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03.04.2006 Business & Finance

UNIL pays 896 cedis dividend

By GNA

Accra, April 3, GNA - Unilever Ghana Limited (UNIL) paid a dividend of 896 cedis per share for the operating year 2005, Mr Ishmael Yamson, Board Chairman announced at the Company's 39th Annual General Meeting held in Accra on Monday.

He told the shareholders that a higher dividend would overburden the company and affect its long term prosperity negatively. The 2005 dividend paid was the same as that of 2004.

Mr Yamson explained that the Company ended 2005 in a cash neutral position and that money for investment in 2006 would have to be generated.

He said 50 billion cedis would be required to invest in brands; 72 billion cedis in capital investments and an additional 12 billion cedis in working capital to fuel sales growth.

All the three major cash outflow requirements must be funded from cash generated from the 2006 operations or borrowed from the banks, the Chairman said and added, "in an environment where price increases are constrained and margins squeezed, we believe that the burden any increased dividend would pose to your business would damage the long term prosperity of your business by preventing us from investing in the named areas."

Unilever, however, achieved a significant turnover of one trillion cedis in 2005 indicating a 16.6 per cent increase over the figure for 2004.

Mr Yamson said of the achievement: "A significant milestone was reached when Unilever achieved a turnover of one trillion in December 2005. Your Company, therefore, joins a club of less than 10 companies in Ghana, which have a turnover exceeding one trillion cedis."

He said even though inflation declined from a peak of 16.7 per cent in March 2005 after the fuel price hikes and declined to 14.8 per cent at the end of December 2005 and interest rates were reduced twice by the Bank of Ghana, real interest rates remained high.

This was associated with continued high borrowing rates that represented an obstacle to private sector growth and the achievement of Government's per capita target of 1,000 dollars by 2010.

Mr Yamson said Unilever's recovery in the face of the competition demonstrated the Company's ability and willingness to compete. He said, however, that even though the nation had been able to achieve economic stability, there was the need for the Government to do more and to learn to draw on the experience of advanced and stronger economies in the face of stiff competition.

For instance, in the United States, political pressure was brought to bear on a Middle Eastern Company to dispose of its USA assets, which it had acquired as part of the acquisition of a multinational. "The French Government recently stepped in to stop an Indian Company from acquiring a French steel company as it was deemed contrary to its national interest while the European Union recently blocked all garment imports from China into Europe because they had exceeded import quotas. "Clearly, even the high priests of free enterprise do not interpret free enterprise as meaning no restrictions," Mr Yamson said, adding: "Liberalisation has brought Ghana advantages but probably more disadvantages. It is imperative that the two are probably balanced in Ghana's favour."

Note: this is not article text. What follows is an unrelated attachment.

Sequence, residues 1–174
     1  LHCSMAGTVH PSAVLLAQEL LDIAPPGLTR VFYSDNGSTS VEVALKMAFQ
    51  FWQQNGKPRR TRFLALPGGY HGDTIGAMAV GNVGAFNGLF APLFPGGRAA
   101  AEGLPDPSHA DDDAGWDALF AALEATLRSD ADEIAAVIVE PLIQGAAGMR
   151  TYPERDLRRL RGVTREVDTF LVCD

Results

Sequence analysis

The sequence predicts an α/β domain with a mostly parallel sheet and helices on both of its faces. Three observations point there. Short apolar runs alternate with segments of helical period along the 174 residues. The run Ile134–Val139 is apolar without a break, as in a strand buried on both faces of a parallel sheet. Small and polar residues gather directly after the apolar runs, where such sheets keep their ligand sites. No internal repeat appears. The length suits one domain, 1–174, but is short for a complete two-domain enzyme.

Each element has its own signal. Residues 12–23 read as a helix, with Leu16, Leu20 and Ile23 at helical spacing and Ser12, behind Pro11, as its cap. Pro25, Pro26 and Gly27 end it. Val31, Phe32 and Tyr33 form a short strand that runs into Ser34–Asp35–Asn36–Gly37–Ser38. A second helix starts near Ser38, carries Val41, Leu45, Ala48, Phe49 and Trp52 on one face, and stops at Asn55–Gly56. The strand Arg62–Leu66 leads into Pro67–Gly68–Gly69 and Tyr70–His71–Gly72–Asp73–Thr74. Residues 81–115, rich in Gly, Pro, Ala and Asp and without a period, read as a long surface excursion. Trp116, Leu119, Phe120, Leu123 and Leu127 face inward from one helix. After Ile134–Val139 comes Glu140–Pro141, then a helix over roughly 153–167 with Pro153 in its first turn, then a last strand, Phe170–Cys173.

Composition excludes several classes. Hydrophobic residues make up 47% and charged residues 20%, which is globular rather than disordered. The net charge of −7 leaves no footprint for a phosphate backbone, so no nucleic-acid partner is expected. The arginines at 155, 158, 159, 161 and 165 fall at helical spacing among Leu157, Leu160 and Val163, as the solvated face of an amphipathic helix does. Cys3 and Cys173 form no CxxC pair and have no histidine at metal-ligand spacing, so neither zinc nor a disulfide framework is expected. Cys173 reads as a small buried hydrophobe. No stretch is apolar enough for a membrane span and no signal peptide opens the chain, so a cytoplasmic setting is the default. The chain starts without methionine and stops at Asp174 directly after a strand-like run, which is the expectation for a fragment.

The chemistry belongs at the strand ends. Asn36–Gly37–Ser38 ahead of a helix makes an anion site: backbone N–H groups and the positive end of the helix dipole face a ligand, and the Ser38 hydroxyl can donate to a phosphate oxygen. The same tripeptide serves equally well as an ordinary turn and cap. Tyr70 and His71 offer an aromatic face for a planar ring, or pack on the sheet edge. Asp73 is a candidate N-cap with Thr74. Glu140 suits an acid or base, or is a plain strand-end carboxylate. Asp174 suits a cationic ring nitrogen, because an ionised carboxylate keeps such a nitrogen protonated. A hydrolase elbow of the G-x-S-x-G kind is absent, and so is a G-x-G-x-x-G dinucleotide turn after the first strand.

On the other indicators, the Board Chairman said the 2005 results showed that the targets set in 2004 to invest in fewer but stronger brands, reduced cost throughout its businesses to improve operational efficiency, margins and profitability had put Unilever back on the track of growth and profitability.

Profit after tax grew by 23.3 per cent to 99.6 billion cedis for the period under review while profit attributable to members also grew by 46.4 per cent to 91.9 billion cedis.

Cash generated from disposal of surplus assets of 75.3 billion cedis compared with capital expenditure of 46.8 billion cedis to give a net inflow of 28.5 billion cedis from investing activities.

Unilever's home and personal care division recorded a top line growth of 17.3 per cent with the main growth driver categories being Key; Sunlight, Geisha and Lux soaps and Close-Up toothpaste. The Company's laundry; skin cleansing and oral products registered growth in sales of 13 per cent, 26 per cent and 16 per cent in that order.

The food division also posted excellent performance of 28.2 per cent.

The individual brand lines of Frytol Cooking Oil, Blue Band Margarine and Lipton Tea grew by 23.6 per cent; 70.0 per cent and 21.5 per cent, in that order.

On its plantation, Mr Yamson said both the Benso Oil Palm Plantation and the Twifo Oil Palm Plantation increased fresh fruit bunch and palm oil production volumes but low market prices for crude palm oil, which averaged 421 dollars per tonne in 2005 posted depressed margins compared to that of 2004 which averaged 473 dollars per tonne. On the way forward, Mr Yamson said Unilever Ghana's competitiveness would be critical to its success.

"The re-organisation and restructuring undertaken places us on a firm platform to realise our business objectives and we, therefore, look forward to the future with confidence."

The Chief Executive, Mr C. A. Cofie said Unilever continued to actively engage with communities within which it operated. The Company spent 1.3 billion cedis on education, health and the building of entrepreneurial skills in the communities.

Mr J. N. A Hyde, Mr F. A. Manu and Mr Kweku Boateng were elected to serve on the Board of Directors to replace Mr Magnus Boye, Mr Kwame Addae and Mrs Cynthia Ifeagwu, who retired from the Board.

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